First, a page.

Criminal No. 08-411-16 Civil No. 15-873
cc: Charles A. Eberle Assistant U.S. Attorney Rayshawn Malachi
Presently before the court is a motion to vacate, set aside or correct sentence pursuant to 28 U.S.C. §2255 filed by Rayshawn Malachi ("petitioner"). In response, the government has filed a Motion to Dismiss petitioner's §2255 motion (Document No. 2583). Because petitioner knowingly and voluntarily agreed to waive his right to file a §2255 motion or any other collateral proceeding attacking his conviction or sentence, and the enforcement of that waiver will not work a miscarriage of justice, the government's motion to dismiss petitioner's §2255 motion will be granted and the motion will be dismissed.
Pursuant to Rule 8(a) of the Rules Governing §2255 Proceedings, the court finds that no evidentiary hearing on petitioner's motion is required. Where the record conclusively shows that a movant is not entitled to relief, the court may dismiss the motion based on the record without a hearing. See United States v. Nahodil, 36 F.3d 323, 326 (3d Cir. 1994). Thus, if the record, supplemented by the trial judge's personal knowledge, conclusively negates the factual predicates asserted in support of a §2255 motion, or if the movant would not be entitled to relief as a matter of law even if the factual predicates as alleged in the motion are true, an evidentiary hearing is not required. See Government of Virgin Islands v. Nicholas, 759 F.2d 1073, 1075 (3d Cir. 1985). For the reasons set forth herein, the record in this case affirmatively establishes as a matter of law that petitioner's claim for relief has been waived.
Petitioner was one of 27 defendants charged in a 37-count superseding indictment charging, inter alia, a conspiracy to conduct an enterprise through a pattern of racketeering activities. Petitioner was charged at Count 2 with RICO conspiracy in violation of 18 U.S.C. §1962(d) and at Count 29 with possession with intent to distribute heroin. Following a guilty plea to Count 2 pursuant to a written plea agreement, petitioner was sentenced on August 30, 2011, to a 120-month term of imprisonment followed by a 3-year term of supervised release. Petitioner did not appeal his conviction or sentence.
On July 7, 2015, nearly four years after his sentencing, petitioner filed the pending §2255 motion, claiming there is "newly discovered" evidence that he is innocent of the RICO offense. Petitioner then elected to amend his §2255 motion, which was to be done by December 15, 2015. Petitioner failed to meet that deadline and subsequently was given an extension of time to file his amendment by March 7, 2016. After that deadline passed, on April 19, 2016, the court issued a Memorandum and Order of Court (Document No. 2575) indicating it construed petitioner's failure to timely file an amendment as a re-election by him to have the §2255 motion adjudicated in its original form, and the government was ordered to respond to petitioner's motion. In response, the government argues that the collateral attack waiver provision set forth in the parties' plea agreement should be enforced, and petitioner's §2255 motion should be dismissed. For the reasons explained below, the court agrees and petitioner's §2255 motion will be dismissed.
II. Standard of Review
A federal prisoner may move the sentencing court to vacate, set aside or correct a sentence "upon the ground that the sentence was imposed in violation of the Constitution or laws of the United States, or that the court was without jurisdiction to impose such sentence, or that the sentence was in excess of the maximum authorized by law, or is otherwise subject to collateral attack. . . ." 28 U.S.C. §2255(a).
"As a collateral challenge, a motion pursuant to 28 U.S.C. § 2255 is reviewed much less favorably than a direct appeal of the sentence." United States v. Travillion, 759 F.3d 281, 288 (3d Cir. 2014). Accordingly, relief under § 2255 is available only when "the claimed error of law was 'a fundamental defect which inherently results in a complete miscarriage of justice,' and . . . 'present[s] exceptional circumstances where the need for the remedy afforded by the writ . . . is apparent.'" Davis v. United States, 417 U.S. 333, 346 (1974) (quoting Hill v. United States, 368 U.S. 424, 428 (1962)).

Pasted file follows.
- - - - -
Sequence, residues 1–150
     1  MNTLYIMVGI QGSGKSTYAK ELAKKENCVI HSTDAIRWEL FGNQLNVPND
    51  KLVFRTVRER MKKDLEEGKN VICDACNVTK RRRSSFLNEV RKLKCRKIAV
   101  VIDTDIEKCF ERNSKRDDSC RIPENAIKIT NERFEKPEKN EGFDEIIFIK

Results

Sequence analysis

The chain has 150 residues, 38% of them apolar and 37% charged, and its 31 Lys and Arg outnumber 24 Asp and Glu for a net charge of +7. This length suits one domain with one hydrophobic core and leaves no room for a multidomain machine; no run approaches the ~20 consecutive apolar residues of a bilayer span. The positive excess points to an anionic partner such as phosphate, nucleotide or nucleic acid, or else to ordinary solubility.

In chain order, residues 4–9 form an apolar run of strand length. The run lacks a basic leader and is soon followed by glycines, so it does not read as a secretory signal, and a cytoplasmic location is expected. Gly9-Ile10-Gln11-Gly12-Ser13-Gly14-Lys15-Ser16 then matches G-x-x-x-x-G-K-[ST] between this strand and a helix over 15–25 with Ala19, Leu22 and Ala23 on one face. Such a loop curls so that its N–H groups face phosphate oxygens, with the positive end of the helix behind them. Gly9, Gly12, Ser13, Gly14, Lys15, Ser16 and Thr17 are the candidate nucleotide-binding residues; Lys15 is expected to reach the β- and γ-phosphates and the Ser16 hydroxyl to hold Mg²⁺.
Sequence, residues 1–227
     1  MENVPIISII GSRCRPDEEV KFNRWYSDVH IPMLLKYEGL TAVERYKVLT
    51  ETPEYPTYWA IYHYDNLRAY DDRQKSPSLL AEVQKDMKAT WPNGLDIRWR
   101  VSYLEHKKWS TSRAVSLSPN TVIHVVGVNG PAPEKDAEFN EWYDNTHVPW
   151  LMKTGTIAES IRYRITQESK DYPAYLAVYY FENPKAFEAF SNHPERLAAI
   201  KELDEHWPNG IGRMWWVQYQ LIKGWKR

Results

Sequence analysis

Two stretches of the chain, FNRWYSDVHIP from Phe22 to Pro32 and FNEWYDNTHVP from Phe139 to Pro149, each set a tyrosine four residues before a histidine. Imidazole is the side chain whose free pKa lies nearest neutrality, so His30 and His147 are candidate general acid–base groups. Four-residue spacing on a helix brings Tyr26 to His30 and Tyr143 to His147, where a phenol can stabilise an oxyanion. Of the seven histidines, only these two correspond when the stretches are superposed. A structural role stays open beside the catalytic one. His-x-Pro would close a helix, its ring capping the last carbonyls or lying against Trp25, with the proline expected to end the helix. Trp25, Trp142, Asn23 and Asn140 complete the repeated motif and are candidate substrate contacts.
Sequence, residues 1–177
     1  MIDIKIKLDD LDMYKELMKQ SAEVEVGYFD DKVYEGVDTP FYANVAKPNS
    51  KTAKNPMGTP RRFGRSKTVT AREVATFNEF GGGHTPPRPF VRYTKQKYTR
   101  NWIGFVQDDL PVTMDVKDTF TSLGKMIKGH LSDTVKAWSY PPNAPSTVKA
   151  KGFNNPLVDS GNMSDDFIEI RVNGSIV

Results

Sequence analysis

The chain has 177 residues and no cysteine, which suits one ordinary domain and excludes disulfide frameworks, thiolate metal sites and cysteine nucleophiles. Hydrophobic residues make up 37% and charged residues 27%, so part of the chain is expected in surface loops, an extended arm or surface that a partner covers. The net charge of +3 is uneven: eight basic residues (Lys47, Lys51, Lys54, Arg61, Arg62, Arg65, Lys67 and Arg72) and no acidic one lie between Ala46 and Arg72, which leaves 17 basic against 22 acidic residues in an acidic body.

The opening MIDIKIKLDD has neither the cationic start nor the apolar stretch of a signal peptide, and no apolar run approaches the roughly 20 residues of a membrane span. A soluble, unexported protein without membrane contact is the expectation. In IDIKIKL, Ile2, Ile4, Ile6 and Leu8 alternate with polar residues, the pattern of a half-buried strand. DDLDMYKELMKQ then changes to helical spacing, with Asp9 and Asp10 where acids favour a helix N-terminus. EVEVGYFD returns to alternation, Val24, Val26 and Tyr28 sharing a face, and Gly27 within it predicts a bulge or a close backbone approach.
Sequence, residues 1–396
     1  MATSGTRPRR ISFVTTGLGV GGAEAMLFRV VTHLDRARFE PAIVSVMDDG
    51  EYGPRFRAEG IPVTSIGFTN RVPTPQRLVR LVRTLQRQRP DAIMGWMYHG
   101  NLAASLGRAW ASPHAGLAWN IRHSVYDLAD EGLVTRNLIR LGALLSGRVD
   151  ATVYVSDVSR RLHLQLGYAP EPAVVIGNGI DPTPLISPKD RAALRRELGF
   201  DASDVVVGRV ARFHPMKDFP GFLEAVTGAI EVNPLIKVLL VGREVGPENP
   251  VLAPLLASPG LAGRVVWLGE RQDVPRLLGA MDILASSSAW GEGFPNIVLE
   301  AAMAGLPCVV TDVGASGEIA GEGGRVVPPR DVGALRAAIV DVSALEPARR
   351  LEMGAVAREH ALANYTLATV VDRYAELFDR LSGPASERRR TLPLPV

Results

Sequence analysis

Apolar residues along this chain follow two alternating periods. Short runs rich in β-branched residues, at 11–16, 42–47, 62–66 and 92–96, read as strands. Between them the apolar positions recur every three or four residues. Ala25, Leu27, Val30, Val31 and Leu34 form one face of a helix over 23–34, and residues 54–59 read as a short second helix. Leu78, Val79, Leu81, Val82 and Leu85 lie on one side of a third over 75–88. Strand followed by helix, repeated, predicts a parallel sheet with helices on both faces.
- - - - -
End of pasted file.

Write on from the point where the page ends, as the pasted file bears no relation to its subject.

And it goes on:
Petitioner entered into a negotiated plea agreement with the United States Attorney for the Western District of Pennsylvania which contained the following provision expressly waiving his collateral attack rights:
"[Petitioner] further waives the right to file a motion to vacate sentence, under 28 U.S.C. §2255, attacking his conviction or sentence, and the right to file any other collateral proceeding attacking his conviction or sentence."
Plea Agreement, ¶A.5. Despite agreeing to this provision, petitioner has filed a §2255 motion. As stated, the government argues that the waiver should be enforced and petitioner's §2255 motion should be dismissed. Accordingly, we must address whether petitioner's waiver of his right to file a §2255 motion is enforceable.
The United States Court of Appeals for the Third Circuit has upheld a defendant's waiver of his right to file a §2255 motion to vacate sentence under 28 U.S.C. §2255. In United States v. Mabry, 536 F.3d 231 (3d Cir. 2008), the Third Circuit found that such waivers are enforceable "provided that they are entered into knowingly and voluntarily and their enforcement does not work a miscarriage of justice." Id. at 237. Therefore, we must determine the validity of petitioner's §2255 waiver by "specifically examining the (1) knowing and voluntary nature, based on what occurred and what defendant contends, and (2) whether enforcement would work a miscarriage of justice." Id.
A. Knowing and Voluntary Nature of the Waiver
In assessing whether petitioner's §2255 waiver was knowing and voluntary, the court must "review the terms of the plea agreement and change-of-plea colloquy and address their sufficiency." Mabry, 536 F.3d at 238.
First, regarding the plea agreement, the collateral attack waiver provision is explicitly set forth in ¶A.5 of the agreement, and it is extremely broad and contains no exceptions. Petitioner signed the plea agreement, thereby acknowledging that he read the document, discussed it with his attorney and understood and accepted its terms, including the collateral attack waiver provision.